“I have a pretty awkward request to make of you”, I said to the now very quizzical Charlie Simpson as I slowly pulled out the spontaneously-bought bubbles from my bag. I am fully aware that this was probably the most random post-performance photo shoot that he is not even remotely likely to have again.
To many of you, Charlie Simpson may be better known as the bushy-browed Busted boy who quit the pop powerhouse in its heyday, in pursuit of his own artistic ventures. Thirteen years later, he’s back with his second album ‘Long Road Home’ which establishes him more credible as a solo artist than ever before. The epic hooks in songs, such as the title-track ‘Long Road Home’, seem the only lingering evidence of Simpson’s pop past, as he ditches choral clichés for rich, folky tones and careful harmonies. Charlie’s album may be a ‘Long Road Home’, but it’s surely a short road to success.
I got a chance to chat with him after his gig at Banquet Records on August 3rd:
Hi Charlie! So, a massive congratulations on the new album!
Thank you! It’s a very exciting time. Released tomorrow!
So I hear! And thank you, by the way, for writing a song about me…albeit with a different spelling! ‘Emily’ is definitely now one of my favourites on the record!
Oh is that so? Haha well, you’re welcome!
First things first. I’ve noticed this album has a very different tone to Young Pilgrim. Did you have any big inspiration for this or any particular influences?
I guess I just wanted it to sound a little warmer and more like a live record. I got my band playing on it this time and we recorded a lot of it live. I wanted to give it that sound of some of the old 70s records from around West coast America, which have a real warmth to them. So I did consciously want to have a record that sounded like a progression from my first album. I’m really happy with how it’s turned out. I also learnt a lot from Steve Osborne, the guy who produced it, too. This whole record was made in a way that I’d never made a record before. I mean, I grew up in the generation of computers and he’s very much like ‘Fuck computers!’
So he’s more of a traditional type when it comes to making tracks? That must be quite nice to work with someone with such a novel, yet old-school, approach?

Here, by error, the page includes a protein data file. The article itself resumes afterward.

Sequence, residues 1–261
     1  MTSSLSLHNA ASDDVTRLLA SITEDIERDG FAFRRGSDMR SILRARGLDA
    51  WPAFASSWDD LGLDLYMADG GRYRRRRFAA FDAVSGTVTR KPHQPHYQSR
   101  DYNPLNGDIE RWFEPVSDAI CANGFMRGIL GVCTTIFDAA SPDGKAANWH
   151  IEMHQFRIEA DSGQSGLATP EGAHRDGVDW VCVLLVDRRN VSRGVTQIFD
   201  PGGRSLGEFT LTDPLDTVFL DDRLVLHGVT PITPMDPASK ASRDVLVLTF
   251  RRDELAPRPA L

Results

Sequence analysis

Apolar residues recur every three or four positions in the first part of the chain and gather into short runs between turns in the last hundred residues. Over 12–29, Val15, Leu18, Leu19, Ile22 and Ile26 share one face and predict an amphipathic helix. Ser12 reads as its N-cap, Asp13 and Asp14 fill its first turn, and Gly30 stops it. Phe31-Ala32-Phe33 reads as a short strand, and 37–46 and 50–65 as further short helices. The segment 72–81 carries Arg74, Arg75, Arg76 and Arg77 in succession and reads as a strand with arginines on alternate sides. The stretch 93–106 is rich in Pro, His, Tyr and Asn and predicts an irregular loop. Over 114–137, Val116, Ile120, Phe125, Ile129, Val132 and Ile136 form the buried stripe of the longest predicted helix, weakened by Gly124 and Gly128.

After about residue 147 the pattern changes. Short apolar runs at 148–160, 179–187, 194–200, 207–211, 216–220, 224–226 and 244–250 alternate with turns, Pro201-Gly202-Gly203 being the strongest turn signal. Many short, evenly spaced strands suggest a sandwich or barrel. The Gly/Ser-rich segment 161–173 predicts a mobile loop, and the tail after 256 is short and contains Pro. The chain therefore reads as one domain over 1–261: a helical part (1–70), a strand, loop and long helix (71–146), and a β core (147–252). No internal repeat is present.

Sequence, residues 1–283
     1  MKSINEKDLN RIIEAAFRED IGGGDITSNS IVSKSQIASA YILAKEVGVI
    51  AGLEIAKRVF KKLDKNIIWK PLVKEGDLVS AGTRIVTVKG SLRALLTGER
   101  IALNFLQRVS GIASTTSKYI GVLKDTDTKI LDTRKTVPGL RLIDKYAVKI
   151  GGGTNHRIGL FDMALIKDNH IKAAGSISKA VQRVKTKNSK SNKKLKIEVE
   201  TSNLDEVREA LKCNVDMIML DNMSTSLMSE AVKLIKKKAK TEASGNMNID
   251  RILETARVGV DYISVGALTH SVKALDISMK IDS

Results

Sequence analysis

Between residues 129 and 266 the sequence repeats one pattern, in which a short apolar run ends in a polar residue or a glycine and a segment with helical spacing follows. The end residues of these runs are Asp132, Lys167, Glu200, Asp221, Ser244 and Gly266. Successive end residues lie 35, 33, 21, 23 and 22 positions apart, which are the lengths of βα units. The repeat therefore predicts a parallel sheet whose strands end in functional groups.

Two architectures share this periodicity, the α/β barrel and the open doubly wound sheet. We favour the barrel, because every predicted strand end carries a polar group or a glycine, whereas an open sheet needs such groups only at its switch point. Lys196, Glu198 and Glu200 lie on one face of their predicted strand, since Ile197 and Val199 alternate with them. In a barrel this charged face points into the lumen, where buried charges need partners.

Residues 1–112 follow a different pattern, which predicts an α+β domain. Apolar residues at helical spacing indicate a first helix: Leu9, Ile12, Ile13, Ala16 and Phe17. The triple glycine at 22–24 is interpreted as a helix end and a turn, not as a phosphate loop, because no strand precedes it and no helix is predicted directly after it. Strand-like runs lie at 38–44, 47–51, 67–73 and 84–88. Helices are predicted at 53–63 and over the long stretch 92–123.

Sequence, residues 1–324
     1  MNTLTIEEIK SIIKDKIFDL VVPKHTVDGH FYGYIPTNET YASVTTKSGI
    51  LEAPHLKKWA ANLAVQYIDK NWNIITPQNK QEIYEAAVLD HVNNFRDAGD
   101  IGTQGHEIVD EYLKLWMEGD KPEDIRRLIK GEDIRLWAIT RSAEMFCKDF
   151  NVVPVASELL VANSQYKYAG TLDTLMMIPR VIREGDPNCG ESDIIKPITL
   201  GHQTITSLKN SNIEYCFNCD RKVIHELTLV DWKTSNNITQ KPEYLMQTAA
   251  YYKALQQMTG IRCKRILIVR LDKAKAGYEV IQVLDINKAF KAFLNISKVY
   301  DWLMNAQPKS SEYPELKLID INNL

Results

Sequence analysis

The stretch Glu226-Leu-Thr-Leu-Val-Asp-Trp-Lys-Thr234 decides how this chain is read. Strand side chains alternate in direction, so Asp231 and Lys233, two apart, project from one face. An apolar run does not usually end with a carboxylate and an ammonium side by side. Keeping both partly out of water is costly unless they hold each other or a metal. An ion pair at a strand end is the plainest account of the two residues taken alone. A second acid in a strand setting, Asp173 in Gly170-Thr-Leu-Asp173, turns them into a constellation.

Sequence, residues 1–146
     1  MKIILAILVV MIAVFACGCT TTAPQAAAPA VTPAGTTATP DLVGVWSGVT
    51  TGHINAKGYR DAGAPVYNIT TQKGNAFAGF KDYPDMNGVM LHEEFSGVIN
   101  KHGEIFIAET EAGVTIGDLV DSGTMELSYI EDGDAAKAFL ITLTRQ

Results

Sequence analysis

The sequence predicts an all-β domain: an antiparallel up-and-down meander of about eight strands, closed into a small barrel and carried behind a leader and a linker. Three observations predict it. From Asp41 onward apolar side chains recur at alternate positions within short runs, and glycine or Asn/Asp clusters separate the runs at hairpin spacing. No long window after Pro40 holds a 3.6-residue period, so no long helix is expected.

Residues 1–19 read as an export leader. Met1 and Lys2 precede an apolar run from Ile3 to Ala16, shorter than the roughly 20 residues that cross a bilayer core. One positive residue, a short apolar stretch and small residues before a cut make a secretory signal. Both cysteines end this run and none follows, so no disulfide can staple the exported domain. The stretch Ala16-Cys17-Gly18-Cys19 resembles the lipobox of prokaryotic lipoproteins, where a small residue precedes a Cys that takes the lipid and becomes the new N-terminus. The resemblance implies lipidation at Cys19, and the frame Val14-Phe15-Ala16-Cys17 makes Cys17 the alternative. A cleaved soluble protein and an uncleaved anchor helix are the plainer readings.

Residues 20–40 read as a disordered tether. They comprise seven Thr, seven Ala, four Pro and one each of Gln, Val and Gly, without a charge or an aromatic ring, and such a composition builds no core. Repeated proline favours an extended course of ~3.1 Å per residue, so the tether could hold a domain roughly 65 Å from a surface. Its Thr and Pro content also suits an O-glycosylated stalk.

Yeah it was, it was! It’s weird though, because, you know, musicians today don’t really need to commit to takes anymore as they can just do it again and again and again, until it’s right. But when you know your sound is actually being recorded, it’s a completely different frame of mind. It’s quite exciting!
And obviously you’ve got quite the musical repertoire. You’ve gone from boy band pop with Busted, to the heavier Fightstar stuff, and now this! Was there an epiphany moment when you decided that this was your creative calling?
To be honest, my Fightstar and more acoustic solo stuff are the two elements of my musical make-up with regard to taste. I knew I always wanted to make a solo record at some point and I thought it would probably be influenced by the 70s stuff my Dad used to make me listen to when I was younger – which it has been! I didn’t sit down and think “Oh I wonder what sound I should come up with?”, it was more of a natural development.
There are a lot of Bon Iver vibes in the album – it’s very chilled out stuff!
Haha yeah I can see that – I love all that stuff! I think for me my favourite part of music is harmonies. It’s all about the harmonies! That’s why I love the Beach Boys…the Eagles…man, I just love harmonies!
…and that’s definitely reflected in this album!
Haha yeah well, I hope so! It’s so nice to play around and actually have the creative freedom to go wherever I want to go with it. I love it.
That must be quite different from your Busted days, which we won’t dwell on too much, but obviously they are still very much a part of your career and arguably your fanbase. Where do you think you would’ve been without Busted today?
Obviously I’ve been very lucky to have had such an amazing start to my career, with a band that was very successful. I have no ideas what would have happened had that not!
It’s a hard line of work as a singer songwriter, isn’t it?
It is! Absolutely. And you know, people ask me if I regret doing Busted but I really don’t know why I’d ever regret it. It was brilliant fun and part of the whole learning experience. I honestly feel very lucky to have been a part of it.
Well, who knows, maybe Harry Styles might be in your position ten years down the line?
Who knows man, yeah! It’s a tough life in that sort of environment. It’s very commercial. It just didn’t really mix well with the person I was and who I wanted to be. And now, you know, I’m the happiest I ever have been and my history has led me to this point!
…and beyond! You’re playing the Roundhouse later this year, which is huge. Are there any other adventures planned that we can expect from Charlie Simpson?
Yes! I can’t wait for that. I definitely want to get back to playing as many live shows as possible. I also love doing festivals but didn’t get to do any this year because we wanted to concentrate on the album, so watch this space! It’s going to be a really exciting year I think.
And so it seems! ‘Long Road Home’ is available on iTunes now.